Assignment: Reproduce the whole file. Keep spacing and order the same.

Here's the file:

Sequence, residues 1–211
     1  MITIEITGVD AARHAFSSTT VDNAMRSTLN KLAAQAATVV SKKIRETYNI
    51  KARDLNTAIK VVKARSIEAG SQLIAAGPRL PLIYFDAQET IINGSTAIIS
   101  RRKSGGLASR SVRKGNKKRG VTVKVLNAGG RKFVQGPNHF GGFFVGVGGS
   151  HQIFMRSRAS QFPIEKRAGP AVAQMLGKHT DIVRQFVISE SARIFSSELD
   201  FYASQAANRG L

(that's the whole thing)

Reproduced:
Sequence, residues 1–211
     1  MITIEITGVD AARHAFSSTT VDNAMRSTLN KLAAQAATVV SKKIRETYNI
    51  KARDLNTAIK VVKARSIEAG SQLIAAGPRL PLIYFDAQET IINGSTAIIS
   101  RRKSGGLASR SVRKGNKKRG VTVKVLNAGG RKFVQGPNHF GGFFVGVGGS
   151  HQIFMRSRAS QFPIEKRAGP AVAQMLGKHT DIVRQFVISE SARIFSSELD
   201  FYASQAANRG L